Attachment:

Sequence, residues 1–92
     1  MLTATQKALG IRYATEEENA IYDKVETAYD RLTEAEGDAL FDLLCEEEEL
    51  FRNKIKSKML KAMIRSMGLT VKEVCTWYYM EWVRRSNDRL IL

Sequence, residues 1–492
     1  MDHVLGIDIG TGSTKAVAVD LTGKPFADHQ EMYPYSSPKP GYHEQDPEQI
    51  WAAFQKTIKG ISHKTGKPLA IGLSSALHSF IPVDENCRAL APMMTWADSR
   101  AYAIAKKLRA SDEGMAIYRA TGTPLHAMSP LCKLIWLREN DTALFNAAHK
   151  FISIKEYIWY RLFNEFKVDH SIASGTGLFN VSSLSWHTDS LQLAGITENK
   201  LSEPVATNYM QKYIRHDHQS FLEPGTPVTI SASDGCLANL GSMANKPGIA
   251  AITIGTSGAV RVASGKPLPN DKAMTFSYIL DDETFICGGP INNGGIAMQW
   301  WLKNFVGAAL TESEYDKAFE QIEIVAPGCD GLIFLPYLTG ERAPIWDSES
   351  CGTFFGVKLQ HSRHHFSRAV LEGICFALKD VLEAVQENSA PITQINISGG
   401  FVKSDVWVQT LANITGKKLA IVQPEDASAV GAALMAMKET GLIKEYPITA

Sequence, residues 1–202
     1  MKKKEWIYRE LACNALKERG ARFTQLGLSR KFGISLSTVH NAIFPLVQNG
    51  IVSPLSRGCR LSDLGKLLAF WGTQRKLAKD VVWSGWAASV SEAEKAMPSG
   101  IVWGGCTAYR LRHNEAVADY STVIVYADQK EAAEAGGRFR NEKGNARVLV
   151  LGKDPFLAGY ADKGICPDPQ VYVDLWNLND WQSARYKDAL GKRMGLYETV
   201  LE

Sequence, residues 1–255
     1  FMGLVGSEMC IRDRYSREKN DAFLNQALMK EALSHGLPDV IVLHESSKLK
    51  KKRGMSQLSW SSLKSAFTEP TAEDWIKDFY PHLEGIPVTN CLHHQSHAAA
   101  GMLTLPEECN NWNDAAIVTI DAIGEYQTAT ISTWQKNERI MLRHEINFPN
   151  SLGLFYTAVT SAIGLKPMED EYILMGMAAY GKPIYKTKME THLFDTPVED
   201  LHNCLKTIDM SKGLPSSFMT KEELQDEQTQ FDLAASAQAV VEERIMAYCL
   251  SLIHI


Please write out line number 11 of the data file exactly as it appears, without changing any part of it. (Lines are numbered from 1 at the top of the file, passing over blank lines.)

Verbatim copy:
   301  WLKNFVGAAL TESEYDKAFE QIEIVAPGCD GLIFLPYLTG ERAPIWDSES